“I don’t see any black eye on the city for letting this go.”

The border between the township and the city runs down Emerick Road, which dead-ends at a southwest angle into Grove. The area south and east of Emerick and Grove is the township. A small slice of land that includes the road north and west of Emerick belongs to the city.

The Washtenaw County Road Commission repaved the road on the township’s side several years ago. During that project, it slimmed the township’s section of the road from four lanes to two while adding bike lanes. Kirton previously said that has caused extra stress on the city’s side.

Mayor Pro Tem Lois Richardson said the city needed to move forward with the plan.

“It’s an olive branch,” she said. “You don’t know how much flak I caught from city and township people (after council rejected the October 2011 proposal),” she said. “I think we need to accept it, get the road done, and when the feds give us some money we give it to the township and not look at it as a loan.”

Tom Perkins is a freelance writer for To reach the news desk, email or call 734-623-2530.

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Sun, Nov 18, 2012 : 11:26 p.m.

So the city council members are mad because the Township is paying to fix a city road by loaning them the money interest free???? Does the township have such an excess of funds that we can afford to lend them to a municipality that is struggling to pay already existing loans? Why does the township pay for a recreational department that provides service to city residents at no cost to the city? Why did the township donate money to keep Rutherford Pool running when City council paid nothing for its own pool? Why does Riverside Arts come to the Township for funding its renovations? Why do we allow our firefighters to respond to city fires and say nothing when the city reduces its fire personnel so drastically that they can't adequately reciprocate? Why do Township elected officials think it is a good idea to have its taxpayers pay more, collectively, for interurban buses than city residents? If we have such an excess of revenue in the township, why don't we lower the millage and provide more economically sound service to TOWNSHIP residents?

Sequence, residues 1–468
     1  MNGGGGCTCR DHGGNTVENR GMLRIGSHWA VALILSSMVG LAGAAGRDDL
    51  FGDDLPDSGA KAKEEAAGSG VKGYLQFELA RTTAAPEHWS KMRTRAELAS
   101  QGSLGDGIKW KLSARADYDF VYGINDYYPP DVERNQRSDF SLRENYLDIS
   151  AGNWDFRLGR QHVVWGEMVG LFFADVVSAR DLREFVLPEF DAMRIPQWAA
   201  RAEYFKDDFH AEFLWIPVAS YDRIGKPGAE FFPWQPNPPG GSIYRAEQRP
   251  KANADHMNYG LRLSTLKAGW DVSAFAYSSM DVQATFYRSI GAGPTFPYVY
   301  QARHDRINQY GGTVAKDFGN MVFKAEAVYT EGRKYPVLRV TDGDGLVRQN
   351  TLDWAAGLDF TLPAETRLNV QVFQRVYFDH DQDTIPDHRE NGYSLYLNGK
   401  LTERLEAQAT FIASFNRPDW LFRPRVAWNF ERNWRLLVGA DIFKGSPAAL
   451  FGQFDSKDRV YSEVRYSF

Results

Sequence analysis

Danielle Arndt

Wed, Nov 14, 2012 : 6:08 p.m.

I am SO excited about this! I live out this way and this stretch of road is pure awful. I've been driving before and upon reaching this stretch have had the driver in front of me instantly break and slow almost to a stop to go over all of these pot holes. So I'm always worried about rear ending someone or someone rear ending me.


Tue, Nov 13, 2012 : 6:47 p.m.

I don't do Grove Road. I do the highway. Much safer. Is that strip mall torn down yet?


Tue, Nov 13, 2012 : 5:17 p.m.

All this stuff about so called "pride" is childish and worth of an adult governing body. Such nonsense!


Tue, Nov 13, 2012 : 3:10 p.m.

Thank you for making this happen Ypsilanti Township!!!


Tue, Nov 13, 2012 : 2:47 p.m.

THANK YOU! much needed repair, my muffler fell off driving on that darn road!


Tue, Nov 13, 2012 : 2:43 p.m.

This is great news. I won't have to worry about how to avoid it once it's done.

dading dont delete me bro

Tue, Nov 13, 2012 : 1:16 p.m.

i think those that object to it should be forced to drive it, maybe go out of their way, to drive it everyday... that road needed replacement YEARS ago.


Tue, Nov 13, 2012 : 11:18 a.m.

The City might say "Thank You" Ypsilanti Township! I'm sure all residents of both the City and the Township say "thank you"! I'm sure Midas Muffler and those that repair cars might not feel the same way, this road is just terribly hard on vehicles, I know most people go out of their way to avoid this section. By the way thanks Ypsilanti Township for providing the city a short term "free loan", someone does care!